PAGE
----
In an electricity market environment, energy storage plant owners are remunerated for the provision of services to multiple electricity sectors. Some of these services, however, may accelerate battery aging and degradation and hence this needs to be properly balanced against associated services remunerations. In this framework, we propose a combined economic-degradation model to quantify effects of operational policies (mainly focused on constraining State of Charge -SOC-to prescribed levels in order to reduce effects of aging) on gross revenue, multi-service portfolios, degradation and lifespan of distributed energy storage plants that can provide multiple services to energy and balancing market participants and Distribution Network Operators. Through various case studies based on the Great Britain system, we demonstrate that although operational policies focused on battery damage reduction will lead to a revenue loss in the short-term, such loss can be more than compensated by long-term revenues due to a lengthier battery lifespan. We also demonstrate that operational policies to reduce battery degradation mainly affect services related to the energy (rather than balancing) market, which represents a smaller proportion of the overall revenue streams of a distributed storage plant. The model is also used to study effects of ambient temperature fluctuations.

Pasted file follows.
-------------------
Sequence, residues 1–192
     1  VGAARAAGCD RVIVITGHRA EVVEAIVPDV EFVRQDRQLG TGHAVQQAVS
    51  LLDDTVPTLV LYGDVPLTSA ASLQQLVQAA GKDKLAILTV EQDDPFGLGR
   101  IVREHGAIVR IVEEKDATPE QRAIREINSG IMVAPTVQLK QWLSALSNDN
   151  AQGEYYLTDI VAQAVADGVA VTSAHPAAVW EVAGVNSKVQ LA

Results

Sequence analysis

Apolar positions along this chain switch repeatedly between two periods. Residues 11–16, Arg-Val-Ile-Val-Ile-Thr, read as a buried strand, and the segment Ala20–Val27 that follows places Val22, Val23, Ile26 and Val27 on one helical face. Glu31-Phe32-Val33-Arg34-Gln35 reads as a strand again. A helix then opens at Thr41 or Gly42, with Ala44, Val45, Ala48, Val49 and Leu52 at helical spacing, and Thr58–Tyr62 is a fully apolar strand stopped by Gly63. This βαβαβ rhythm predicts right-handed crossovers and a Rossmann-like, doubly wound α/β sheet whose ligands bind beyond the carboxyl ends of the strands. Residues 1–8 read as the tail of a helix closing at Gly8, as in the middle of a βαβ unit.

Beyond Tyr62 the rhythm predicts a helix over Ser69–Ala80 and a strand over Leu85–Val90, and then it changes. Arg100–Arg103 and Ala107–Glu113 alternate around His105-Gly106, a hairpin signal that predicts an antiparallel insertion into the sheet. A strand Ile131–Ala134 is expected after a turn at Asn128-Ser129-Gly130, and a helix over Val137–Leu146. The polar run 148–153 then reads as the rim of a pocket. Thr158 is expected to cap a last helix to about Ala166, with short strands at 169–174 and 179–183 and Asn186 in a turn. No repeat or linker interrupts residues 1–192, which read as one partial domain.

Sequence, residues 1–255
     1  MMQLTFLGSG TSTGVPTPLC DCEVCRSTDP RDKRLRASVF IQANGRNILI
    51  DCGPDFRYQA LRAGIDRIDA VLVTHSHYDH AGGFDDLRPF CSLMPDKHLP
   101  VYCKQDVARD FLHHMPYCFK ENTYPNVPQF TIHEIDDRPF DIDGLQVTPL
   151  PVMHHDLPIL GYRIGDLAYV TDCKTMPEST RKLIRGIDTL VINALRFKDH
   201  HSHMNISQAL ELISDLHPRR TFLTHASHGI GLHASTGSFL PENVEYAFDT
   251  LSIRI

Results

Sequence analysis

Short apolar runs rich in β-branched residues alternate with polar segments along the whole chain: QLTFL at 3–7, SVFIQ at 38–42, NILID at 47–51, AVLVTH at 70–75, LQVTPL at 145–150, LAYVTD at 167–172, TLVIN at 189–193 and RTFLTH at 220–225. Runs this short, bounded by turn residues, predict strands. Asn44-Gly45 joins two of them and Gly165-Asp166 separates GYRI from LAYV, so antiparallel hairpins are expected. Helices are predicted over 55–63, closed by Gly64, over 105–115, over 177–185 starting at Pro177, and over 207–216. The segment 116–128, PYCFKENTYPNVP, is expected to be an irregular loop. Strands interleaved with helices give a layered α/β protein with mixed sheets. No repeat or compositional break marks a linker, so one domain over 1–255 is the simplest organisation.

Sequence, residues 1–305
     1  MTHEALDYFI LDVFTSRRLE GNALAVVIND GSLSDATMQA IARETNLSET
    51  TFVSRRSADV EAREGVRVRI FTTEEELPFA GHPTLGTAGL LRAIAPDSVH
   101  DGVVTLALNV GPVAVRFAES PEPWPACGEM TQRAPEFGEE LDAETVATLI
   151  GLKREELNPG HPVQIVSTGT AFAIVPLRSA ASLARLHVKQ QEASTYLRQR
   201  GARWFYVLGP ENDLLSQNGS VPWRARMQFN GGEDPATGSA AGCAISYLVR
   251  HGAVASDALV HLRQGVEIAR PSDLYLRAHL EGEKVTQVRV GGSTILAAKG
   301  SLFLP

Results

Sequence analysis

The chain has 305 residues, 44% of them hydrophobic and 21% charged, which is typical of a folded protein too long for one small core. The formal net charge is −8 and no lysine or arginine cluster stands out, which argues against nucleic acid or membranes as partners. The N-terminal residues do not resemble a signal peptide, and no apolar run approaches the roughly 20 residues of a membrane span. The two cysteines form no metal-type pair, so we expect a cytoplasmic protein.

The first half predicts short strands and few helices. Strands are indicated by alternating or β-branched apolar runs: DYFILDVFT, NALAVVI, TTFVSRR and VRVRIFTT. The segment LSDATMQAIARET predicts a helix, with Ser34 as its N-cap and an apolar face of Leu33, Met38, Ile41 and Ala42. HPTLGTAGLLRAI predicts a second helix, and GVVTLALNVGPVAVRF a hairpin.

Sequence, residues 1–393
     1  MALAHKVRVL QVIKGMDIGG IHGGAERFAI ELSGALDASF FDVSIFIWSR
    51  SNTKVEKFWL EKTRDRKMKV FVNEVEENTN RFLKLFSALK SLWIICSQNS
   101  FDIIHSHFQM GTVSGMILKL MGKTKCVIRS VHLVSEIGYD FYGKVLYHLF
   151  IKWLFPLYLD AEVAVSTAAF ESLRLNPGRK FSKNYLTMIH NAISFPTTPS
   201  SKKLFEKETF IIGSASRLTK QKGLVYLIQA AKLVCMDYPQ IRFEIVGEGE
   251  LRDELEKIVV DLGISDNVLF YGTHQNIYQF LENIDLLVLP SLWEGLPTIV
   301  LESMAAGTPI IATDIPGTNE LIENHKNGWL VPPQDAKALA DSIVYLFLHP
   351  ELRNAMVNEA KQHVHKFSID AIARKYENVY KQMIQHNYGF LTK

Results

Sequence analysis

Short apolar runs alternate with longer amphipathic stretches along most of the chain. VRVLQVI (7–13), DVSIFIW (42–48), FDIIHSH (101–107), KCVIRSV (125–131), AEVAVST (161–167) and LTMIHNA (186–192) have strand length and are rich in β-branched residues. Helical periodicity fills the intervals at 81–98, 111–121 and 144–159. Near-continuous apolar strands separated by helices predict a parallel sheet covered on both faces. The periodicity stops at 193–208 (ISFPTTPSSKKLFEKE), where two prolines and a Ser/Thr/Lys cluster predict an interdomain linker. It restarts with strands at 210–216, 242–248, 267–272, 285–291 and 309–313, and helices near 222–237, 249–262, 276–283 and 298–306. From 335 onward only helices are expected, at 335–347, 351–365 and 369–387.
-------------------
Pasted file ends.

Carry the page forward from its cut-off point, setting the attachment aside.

Effect of Battery Degradation on Multi-Service Portfolios of Energy Storage
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